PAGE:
The Return of Live Music: Black Honey Signature Brew Review

Social Distancing can’t stop the rock as Black Honey play at DIY’s 100th issue party.

Black Honey by Gavin Woolard

I know what you’re thinking. Live music? During a pandemic? In this economy? Indeed. That was my reaction to the announcement, after thinking holyshitlivemusicitsBlackHoneyWHAT. Miraculously, DIY magazine managed to figure out a way to bring back live music while adhering to social distancing rules and put on three nights of gigs to celebrate their 100th issue. Night two, and the clear subject of this review, was, of course, the return of Black Honey, for a night of new tunes and barely restrained in-your-seat moshing.

Let’s be perfectly honest from the off – this was not as good as a ‘real’ gig. Having to remain seated at a table throughout sucked, with the inability to rub shoulders with your fellow gig-goer sapping an amount of the crowd atmosphere. In some ways it was reminiscent in feel of the acoustic set the band played at the House of St Barnabas towards the end of 2018; the crowd seemed more like a theatre audience, taking a step back and soaking it in rather than being a more active participant in creating the atmosphere.

Fortunately enough, it was Black Honey playing. Never ones to fail to create an atmosphere at a normal gig, they carried enough energy and swagger into their performance to make up for what the crowd legally couldn’t provide. Opening with ‘All My Pride’ set the tone for the whole show: incredible energy. Immediately followed by the second outing of recent single ‘Beaches’, it was clear that trivialities like a global pandemic can’t slow a band like Black Honey down.

A few other tracks from the upcoming second album, Written and Directed, also made appearances. ‘Fire’ is set to join the pantheon of definitive feminist bangers released in recent years, building through its rallying verses into a proper crescendo of a chorus, complete with outrageous brass section. Haters will say the lyrics are too obvious, but sometimes you have to tackle a problem head-on, and the reception seemed phenomenal from the crowd and commentary online. Most importantly, it means a lot to singer Izzy B and the women she’s played the track to, whose opinions on it are the ones that matter most.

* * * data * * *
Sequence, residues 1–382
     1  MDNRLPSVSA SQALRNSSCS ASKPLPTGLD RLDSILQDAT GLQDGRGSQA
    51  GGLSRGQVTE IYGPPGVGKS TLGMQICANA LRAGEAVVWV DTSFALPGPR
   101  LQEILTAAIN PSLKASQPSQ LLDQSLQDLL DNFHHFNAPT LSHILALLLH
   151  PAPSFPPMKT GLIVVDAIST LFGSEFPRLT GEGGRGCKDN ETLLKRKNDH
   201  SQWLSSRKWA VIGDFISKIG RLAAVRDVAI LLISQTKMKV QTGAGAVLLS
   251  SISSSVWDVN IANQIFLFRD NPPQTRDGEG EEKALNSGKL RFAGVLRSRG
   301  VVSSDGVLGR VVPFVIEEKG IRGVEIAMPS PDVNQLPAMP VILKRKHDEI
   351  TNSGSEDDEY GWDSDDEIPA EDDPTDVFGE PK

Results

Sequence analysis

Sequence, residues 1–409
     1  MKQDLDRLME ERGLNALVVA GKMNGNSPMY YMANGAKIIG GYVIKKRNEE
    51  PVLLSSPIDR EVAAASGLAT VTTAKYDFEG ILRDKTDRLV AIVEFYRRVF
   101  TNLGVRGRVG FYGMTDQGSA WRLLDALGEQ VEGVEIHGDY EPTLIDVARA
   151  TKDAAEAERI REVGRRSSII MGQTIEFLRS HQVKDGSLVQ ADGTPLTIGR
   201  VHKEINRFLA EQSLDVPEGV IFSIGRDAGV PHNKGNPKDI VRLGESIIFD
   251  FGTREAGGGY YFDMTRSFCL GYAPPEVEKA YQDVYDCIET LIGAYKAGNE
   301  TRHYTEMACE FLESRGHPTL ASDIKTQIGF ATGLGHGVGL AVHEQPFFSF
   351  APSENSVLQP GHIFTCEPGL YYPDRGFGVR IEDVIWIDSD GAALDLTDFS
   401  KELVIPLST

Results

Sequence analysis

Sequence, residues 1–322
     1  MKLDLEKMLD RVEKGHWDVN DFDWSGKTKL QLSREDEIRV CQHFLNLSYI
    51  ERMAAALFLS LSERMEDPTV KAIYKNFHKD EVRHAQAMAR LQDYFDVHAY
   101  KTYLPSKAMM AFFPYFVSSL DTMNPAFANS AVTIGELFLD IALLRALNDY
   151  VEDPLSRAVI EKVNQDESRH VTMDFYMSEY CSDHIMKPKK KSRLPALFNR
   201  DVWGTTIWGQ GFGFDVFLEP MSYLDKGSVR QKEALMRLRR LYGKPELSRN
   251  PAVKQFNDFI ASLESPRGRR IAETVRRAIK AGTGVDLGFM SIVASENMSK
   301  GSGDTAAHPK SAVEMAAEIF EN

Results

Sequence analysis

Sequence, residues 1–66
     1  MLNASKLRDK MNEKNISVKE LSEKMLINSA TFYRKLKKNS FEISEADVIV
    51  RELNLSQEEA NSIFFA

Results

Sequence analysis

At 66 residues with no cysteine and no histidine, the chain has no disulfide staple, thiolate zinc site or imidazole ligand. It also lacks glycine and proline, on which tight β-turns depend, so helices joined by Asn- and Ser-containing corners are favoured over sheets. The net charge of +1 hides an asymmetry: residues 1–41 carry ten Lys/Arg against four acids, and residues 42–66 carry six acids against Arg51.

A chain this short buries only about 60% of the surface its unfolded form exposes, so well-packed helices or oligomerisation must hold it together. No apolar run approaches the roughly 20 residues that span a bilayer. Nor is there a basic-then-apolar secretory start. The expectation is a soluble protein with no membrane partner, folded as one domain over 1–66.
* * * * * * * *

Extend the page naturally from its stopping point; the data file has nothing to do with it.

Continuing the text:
Another new track, ‘Back of the Bar’ seems set to become a personal favourite. It has the strong vibe of an Americana-style TV show but targeted towards the morose, rather than to glamour and excess. Chorus “All I do/Is Dream of you/I’m dancing on my own tonight/Dancing on my own” is very much the sad part of every high school movie where the protagonist gets shown up by their date to the prom but in a nice way

Another new track is the newly-released single ‘Run for Cover’. Described by guitarist Chris Ostler as ‘the heaviest track Black Honey have done’, and by new drummer Alex Woodward as ‘painful’… it is an absolute banger. The chorus mentions something about being as loud as thunder, certainly fittingly for how colossal it sounds, while still maintaining a very Black Honey, near-spaghetti-Western edge.

The rest of the set was a collation of their more popular songs, helping to keep the vibe as much in keeping with a regular gig as possible. Every track was perfectly delivered with the raw energy typical of Black Honey, and an extra sense of joy to be finally playing live again after the better part of eight months.  

Black Honey by Gavin Woollard

Whether I’d be happy to go to a large number of gigs of this format over the coming months is a hard but inevitable question. Seeing a band play live again in person was an absolute rush and a massive privilege, but I don’t know how many bands could deliver the quality of performance Black Honey did in such unusual circumstances. It’s also unclear as to how feasible it would be for many smaller bands to get work in that scenario. I just can’t wait until I can next throw myself into a mosh pit or for the release of Black Honey’s second album early next year.

In the meantime, why not check out ‘Beaches’ here:

(All photos are credited to Gavin Woollard)

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